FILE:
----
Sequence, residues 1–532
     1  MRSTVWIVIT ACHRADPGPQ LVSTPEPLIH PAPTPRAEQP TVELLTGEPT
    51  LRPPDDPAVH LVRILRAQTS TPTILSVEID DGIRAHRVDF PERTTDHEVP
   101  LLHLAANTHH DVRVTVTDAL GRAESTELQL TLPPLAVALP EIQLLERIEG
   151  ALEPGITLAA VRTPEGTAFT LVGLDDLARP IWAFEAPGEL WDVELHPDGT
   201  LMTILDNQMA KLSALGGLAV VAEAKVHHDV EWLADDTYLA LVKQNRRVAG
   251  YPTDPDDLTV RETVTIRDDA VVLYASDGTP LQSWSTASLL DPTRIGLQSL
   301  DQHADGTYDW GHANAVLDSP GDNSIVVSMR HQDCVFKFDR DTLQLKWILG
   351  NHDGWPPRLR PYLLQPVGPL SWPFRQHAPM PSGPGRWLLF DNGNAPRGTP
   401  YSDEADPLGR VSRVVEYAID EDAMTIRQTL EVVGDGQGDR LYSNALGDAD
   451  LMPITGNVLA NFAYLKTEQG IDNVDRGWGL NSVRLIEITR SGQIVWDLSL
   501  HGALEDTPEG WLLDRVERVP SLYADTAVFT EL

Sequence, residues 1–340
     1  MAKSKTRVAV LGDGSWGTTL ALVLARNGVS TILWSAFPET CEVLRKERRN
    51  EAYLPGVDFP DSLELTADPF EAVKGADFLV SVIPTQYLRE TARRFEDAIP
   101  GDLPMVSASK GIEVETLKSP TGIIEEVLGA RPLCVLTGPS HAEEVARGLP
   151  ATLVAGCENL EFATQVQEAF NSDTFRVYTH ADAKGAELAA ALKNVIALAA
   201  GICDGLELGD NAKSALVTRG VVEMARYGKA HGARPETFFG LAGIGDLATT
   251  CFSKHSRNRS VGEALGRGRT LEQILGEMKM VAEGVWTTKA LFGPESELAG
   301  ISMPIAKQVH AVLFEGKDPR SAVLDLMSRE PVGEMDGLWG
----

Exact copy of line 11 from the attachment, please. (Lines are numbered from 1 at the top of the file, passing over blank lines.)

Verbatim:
   451  LMPITGNVLA NFAYLKTEQG IDNVDRGWGL NSVRLIEITR SGQIVWDLSL